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Rare Cancers Australia

A place to learn

We understand it may be difficult to find information about a rare cancer, especially at a time when life may already seem stressful and confusing enough. We’ve compiled some resources to help you find the information you need.

My cancer

We have gathered information about a large range of rare cancers. Find out more about a cancer, the things that may cause it, the side-effects, and the treatments and support services available.

Browse the Knowledgebase


Also within our KnowledgeBase…

Cancer services

Australian hospitals, treatment centers and hospices with services in cancer care so you can find the appropriate level of care best suited to your needs.

Find a service

Health professionals

Our list offers some guidance for selecting a suitable Health Professional or Team to assist in diagnosis, right through to care and treatment options.

Browse professionals

Support services

These services are essential in alleviating some of the stress and hardship experienced by patients, carers, and families.

Find support

Clinical trials

The trials within this list help provide additional treatment pathways to cancer patients who may be finding their options limited and expensive.

Search trials


Australian Rare Cancer Portal

The Australian Rare Cancer Portal gives access to expert opinion and advice on management guidelines, testing options and clinical trials. 

Find out more Download Flyer

Treatment options

Discussing treatment options with your health professionals can be very confusing at first. We would like to try and take out some of the mystery and list all potential options you may be presented with during your journey.

See my options

Understand cancer terminology

It can be difficult throughout the journey when doctors and specialists start using words and phrases you were never even aware of before. We’ve tried to simplify things into everyday English.

Frequently searched terms:

Cancerous. Malignant cells can invade and destroy nearby tissues and spread to other parts of the body.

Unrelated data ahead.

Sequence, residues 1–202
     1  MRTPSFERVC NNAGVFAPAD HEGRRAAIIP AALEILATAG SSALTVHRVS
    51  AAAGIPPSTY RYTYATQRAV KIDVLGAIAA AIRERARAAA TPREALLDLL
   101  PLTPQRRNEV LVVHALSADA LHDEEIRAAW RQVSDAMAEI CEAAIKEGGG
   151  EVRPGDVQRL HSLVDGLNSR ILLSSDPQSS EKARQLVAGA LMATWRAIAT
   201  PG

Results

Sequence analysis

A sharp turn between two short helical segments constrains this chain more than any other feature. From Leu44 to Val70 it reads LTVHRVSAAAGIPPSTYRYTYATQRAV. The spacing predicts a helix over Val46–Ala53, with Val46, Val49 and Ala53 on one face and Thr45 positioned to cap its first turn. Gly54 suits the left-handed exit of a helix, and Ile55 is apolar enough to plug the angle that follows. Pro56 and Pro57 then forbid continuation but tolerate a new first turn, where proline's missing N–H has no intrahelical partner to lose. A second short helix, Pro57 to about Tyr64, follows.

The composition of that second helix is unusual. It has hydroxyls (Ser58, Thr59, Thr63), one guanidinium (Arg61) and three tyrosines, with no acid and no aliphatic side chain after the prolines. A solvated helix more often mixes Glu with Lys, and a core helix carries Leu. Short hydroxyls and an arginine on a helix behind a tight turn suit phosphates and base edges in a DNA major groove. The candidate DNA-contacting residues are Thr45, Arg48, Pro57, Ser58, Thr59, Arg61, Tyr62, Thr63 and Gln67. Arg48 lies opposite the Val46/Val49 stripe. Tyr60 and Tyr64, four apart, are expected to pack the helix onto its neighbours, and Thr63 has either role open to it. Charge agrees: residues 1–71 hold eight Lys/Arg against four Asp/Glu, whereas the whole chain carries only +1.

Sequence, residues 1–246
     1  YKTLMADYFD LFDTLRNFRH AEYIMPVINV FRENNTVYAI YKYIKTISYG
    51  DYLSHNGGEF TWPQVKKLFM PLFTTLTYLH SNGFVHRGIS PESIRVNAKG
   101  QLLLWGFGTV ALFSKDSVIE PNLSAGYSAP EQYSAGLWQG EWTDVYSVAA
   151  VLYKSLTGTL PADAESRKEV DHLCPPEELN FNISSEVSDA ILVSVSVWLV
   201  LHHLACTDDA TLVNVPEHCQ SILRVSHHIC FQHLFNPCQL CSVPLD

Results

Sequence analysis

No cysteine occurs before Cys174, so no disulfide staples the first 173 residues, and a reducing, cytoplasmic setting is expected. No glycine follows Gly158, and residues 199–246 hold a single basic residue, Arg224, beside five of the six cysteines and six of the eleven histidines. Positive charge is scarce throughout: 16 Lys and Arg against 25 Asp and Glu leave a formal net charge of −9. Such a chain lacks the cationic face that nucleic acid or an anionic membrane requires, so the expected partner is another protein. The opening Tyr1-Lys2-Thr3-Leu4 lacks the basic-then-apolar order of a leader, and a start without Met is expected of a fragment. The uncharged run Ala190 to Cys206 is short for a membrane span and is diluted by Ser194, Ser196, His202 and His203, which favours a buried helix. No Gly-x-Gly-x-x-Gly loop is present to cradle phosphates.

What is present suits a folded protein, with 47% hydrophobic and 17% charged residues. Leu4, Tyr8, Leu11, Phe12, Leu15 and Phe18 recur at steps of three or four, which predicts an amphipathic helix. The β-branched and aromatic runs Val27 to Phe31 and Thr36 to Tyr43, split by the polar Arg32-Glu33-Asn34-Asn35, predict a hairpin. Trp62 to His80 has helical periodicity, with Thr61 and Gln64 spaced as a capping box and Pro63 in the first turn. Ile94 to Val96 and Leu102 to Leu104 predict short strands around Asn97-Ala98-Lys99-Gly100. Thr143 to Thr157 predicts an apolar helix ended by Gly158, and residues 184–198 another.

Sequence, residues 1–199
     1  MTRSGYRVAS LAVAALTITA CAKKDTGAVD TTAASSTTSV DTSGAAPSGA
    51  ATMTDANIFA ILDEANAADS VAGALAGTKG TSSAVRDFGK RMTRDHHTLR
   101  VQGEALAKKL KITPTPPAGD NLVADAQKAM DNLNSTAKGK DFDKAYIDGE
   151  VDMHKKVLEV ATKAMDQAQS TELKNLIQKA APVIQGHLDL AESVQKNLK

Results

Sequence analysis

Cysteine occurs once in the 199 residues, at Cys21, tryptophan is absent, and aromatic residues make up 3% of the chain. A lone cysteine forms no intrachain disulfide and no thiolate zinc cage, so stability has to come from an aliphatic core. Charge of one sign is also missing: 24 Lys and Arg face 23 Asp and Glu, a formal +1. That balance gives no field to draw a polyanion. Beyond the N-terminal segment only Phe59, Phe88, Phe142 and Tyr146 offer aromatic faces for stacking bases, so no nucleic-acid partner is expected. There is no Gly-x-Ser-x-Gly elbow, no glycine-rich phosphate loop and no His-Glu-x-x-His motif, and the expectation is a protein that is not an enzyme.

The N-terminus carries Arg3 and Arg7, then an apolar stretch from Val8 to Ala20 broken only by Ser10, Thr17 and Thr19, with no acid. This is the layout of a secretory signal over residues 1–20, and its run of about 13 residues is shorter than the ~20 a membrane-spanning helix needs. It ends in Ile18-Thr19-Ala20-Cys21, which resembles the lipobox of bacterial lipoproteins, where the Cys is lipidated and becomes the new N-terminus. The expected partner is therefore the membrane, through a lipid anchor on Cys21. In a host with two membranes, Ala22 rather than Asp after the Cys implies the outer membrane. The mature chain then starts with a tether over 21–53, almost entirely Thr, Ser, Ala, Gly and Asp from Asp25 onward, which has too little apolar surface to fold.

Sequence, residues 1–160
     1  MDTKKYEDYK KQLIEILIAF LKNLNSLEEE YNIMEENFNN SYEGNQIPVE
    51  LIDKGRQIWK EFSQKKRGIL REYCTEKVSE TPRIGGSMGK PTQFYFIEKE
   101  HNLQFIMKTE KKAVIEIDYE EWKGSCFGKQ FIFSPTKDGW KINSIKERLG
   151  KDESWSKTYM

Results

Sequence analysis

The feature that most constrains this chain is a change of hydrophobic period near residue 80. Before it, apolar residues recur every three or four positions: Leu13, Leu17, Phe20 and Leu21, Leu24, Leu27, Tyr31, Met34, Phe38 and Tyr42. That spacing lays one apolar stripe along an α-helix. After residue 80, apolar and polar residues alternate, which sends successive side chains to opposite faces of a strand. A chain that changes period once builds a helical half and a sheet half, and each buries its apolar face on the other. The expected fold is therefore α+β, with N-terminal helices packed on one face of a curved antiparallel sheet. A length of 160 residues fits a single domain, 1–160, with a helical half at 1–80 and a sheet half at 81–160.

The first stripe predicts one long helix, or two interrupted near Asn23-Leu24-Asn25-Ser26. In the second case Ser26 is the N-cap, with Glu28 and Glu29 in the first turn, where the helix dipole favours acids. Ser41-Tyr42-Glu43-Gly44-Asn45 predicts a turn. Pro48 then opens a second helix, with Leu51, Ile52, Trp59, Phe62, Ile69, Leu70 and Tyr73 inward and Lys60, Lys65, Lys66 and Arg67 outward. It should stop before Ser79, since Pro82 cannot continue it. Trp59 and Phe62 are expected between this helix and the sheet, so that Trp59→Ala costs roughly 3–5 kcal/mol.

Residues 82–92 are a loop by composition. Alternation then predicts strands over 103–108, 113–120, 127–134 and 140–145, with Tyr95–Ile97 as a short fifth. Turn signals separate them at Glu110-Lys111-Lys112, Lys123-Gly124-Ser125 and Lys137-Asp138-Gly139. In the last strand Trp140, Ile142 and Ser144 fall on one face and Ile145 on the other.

Non-Malignant, not cancerous. Benign tumours may grow larger but do not spread to other parts of the body.


A term for diseases in which abnormal cells divide without control and can invade nearby tissues. Cancer cells can also spread to other parts of the body through the blood and lymph systems. There are several main types of cancer, including carcinomas, sarcomas, leukaemias, lymphomas, multiple myeloma, and many others.


Immunotherapy, sometimes called biological therapy, is a type of cancer treatment that works by boosting a person’s own immune system to fight the cancer. Immunotherapy is currently approved in Australia for some types of cancers and is also being trialled for other cancers.


The spread of cancer cells from the place where they first formed to another part of the body. In metastasis, cancer cells break away from the original (primary) tumour, travel through the blood or lymph system, and form a new tumour in other organs or tissues of the body. The new, metastatic tumour is the same type of cancer as the primary tumour. For example, if breast cancer spreads to the lung, the cancer cells in the lung are breast cancer cells, not lung cancer cells. The plural form of metastasis is metastases.

Useful resources

If you can’t find the right answers within our KnowledgeBase, we have compiled a list of resources and relevant links that may help you answer any further questions you may have.

View all resources


My Cancer

Use our KnowledgeBase to further understand different cancer types.


What is Personalised Medicine?

Featuring Professor David Thomas from the Garvan Institute of Medical Research and Rare Cancers Australia CEO Richard Vines.



The CAN.recall App uses contemporary technology to assist patients at this time of great need.



Still have questions?

We have a friendly team available to chat about any questions you may have, or just to lend an ear if you’re having a tough time.

Call 1800 257 600Have us call you